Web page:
An interesting development is taking places in Jordan: Forty years after the Rabat Summit, which declared the PLO as the "sole legitimate representative" of the Palestinian people, one aspect of representation is being challenged.
The right of return will continue to be a major obstacle in peace negotiations unless Israel and the Palestinian leadership accept the changing realities which in fact lend themselves to find a solution.
Today, there are approximately 7 million Palestinian refugees and they have largely been forgotten in the peace process. Yet, without addressing the refugees' right to restitution, there can be no just peace.
The many Palestinians who criticized President Obama for showering the Israelis with lavish praise and for his unfettered commitment to Israel's security seem to miss the central point that he wanted to convey and expected to achieve.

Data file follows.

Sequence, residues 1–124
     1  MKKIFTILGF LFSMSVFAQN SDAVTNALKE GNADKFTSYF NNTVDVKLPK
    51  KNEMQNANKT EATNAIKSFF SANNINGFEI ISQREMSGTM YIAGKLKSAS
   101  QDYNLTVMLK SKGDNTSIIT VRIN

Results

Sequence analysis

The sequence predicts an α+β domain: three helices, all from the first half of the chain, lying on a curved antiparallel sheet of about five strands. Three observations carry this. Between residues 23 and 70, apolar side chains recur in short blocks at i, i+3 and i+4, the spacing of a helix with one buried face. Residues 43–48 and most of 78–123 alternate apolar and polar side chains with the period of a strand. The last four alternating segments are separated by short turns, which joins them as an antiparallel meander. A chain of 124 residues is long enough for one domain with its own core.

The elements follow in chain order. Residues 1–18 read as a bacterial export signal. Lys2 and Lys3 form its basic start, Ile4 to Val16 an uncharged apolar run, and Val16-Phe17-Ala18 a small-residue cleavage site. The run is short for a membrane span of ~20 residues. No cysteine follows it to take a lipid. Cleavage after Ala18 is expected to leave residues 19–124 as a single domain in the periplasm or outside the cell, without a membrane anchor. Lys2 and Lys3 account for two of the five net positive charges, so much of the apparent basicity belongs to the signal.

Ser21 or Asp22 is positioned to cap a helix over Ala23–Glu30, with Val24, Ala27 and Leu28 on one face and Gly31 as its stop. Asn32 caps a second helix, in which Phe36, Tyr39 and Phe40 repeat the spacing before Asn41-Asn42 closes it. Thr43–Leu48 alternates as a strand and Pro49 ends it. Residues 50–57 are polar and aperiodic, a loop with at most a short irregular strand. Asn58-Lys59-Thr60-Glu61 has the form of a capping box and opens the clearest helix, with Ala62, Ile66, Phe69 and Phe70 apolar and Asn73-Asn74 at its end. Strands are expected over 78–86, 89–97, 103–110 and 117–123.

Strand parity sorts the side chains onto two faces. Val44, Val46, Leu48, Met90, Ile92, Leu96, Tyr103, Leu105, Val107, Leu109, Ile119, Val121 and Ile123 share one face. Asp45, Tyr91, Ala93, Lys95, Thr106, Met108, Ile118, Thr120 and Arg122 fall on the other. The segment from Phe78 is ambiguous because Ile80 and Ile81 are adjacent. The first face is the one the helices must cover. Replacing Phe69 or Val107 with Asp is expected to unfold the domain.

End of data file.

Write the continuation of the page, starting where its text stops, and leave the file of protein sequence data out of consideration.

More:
Wild horses would not drag three generations of Jews, permanently integrated in Israel and the West, back to lands that are neither hospitable nor safe. And if one set of refugees can't return, neither should the other.
Even more ridiculous than the self-congratulatory tone of Rice's recollections of her role as a peace processor is the criticism directed at Obama for supposedly failing to continue pursuing his predecessor's Israeli-Palestinian diplomacy.
For the Palestinians, undertaking a new life in Chile was infinitely superior to languishing at the Al Tanf refugee camp. Yet, this outlandish story raises fundamental questions about the Palestinian struggle and its long term political prospects.
The current Israeli-Palestinian talks could mark the last serious attempt by a U.S. president to invest his (or her) own political capital and American diplomatic prestige in resolving the conflict based on a two-state solution.
Sheikh Jarrah -- an East Jerusalem neighborhood where Jewish settlers, backed by the Israeli courts, are gradually displacing Palestinian residents -- is "turning into a powder keg," says the former Speaker of the Knesset.
The Obama administration stands a greater chance for establishing peace in the Middle East than any of its predecessors, as long as it remains consistent and unwavering while keeping the end-game in sight.